The fact that some of the backups are a year old isn't abnormal either. If the source code of a software package hasn't changed in years, artwork for logos, etc. then why NOT use a years-old backup that you know is safe.
When restoring a backup in this situation you want the OLDEST backups that have the data you need, not the newest.
They had "disaster recovery" servers. I read that as hot spares with automatically replicated data. Unfortunately, automatically replicated data means a lack of air-gap, so they got infected with everything else because they didn't consider this type of "disaster". How do you recover from that? Well, you bust out your second-tier recovery solution which is generally archived backups.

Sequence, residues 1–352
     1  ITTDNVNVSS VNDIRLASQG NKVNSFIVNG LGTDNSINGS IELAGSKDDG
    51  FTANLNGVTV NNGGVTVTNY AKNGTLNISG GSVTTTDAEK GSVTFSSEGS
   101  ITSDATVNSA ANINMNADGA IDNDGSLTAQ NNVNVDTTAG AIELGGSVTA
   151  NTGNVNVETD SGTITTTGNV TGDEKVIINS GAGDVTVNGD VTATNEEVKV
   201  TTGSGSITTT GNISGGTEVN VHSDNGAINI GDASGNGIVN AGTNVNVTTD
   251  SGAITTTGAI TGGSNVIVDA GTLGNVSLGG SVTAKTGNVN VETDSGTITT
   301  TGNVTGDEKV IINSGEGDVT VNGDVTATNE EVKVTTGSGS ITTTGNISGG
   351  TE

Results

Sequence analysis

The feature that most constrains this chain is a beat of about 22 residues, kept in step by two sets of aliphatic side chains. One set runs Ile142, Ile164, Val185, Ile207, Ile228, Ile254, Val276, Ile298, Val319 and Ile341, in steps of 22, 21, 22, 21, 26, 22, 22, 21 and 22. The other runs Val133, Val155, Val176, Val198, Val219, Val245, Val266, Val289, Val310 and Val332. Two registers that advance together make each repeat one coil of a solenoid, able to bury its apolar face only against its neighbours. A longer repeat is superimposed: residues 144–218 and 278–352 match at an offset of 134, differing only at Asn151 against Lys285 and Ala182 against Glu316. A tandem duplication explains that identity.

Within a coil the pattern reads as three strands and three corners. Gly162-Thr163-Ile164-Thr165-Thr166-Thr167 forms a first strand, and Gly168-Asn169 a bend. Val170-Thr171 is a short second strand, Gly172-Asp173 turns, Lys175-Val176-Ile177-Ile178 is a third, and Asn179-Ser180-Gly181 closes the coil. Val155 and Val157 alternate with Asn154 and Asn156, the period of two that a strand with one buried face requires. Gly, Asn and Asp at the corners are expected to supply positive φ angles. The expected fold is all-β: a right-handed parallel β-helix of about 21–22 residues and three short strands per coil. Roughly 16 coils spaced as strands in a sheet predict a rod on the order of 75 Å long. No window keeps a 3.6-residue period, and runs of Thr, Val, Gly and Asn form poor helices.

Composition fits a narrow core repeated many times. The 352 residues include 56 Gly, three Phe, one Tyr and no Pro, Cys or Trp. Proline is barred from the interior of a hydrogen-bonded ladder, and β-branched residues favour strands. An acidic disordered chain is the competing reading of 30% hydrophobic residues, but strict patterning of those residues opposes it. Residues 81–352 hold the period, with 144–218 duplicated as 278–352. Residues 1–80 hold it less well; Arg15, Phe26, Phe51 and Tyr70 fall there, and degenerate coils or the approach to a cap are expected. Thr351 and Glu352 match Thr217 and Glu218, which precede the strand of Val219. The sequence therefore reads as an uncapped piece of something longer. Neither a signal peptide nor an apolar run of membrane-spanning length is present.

Yes, this "security event" was enabled by insecure policies and practices. Most likely some administrator had made a decision that a network-wide share that housed executables needed to be read-write (or the applications used demanded it), and/or one or more people with admin access used their admin account daily instead of having a second account. Those two situations - found in the MAJORITY of small networks, cause this type of problem to go from "annoyance" or "major catastrophe"
"a network-wide share that housed executables needed to be read-write (or the applications used demanded it) "
I've griped at Micro-shaft before about putting WRITABLE files *anywhere* within the 'C:\Program Files' tree... MANY TIMES before. At one time, they were doing this with SQL Server, actual database files within that directory tree. The problem of writable 'executable file' directories goes right back up to the source, at Micro-shaft, where they had DESIGNED IT THIS WAY.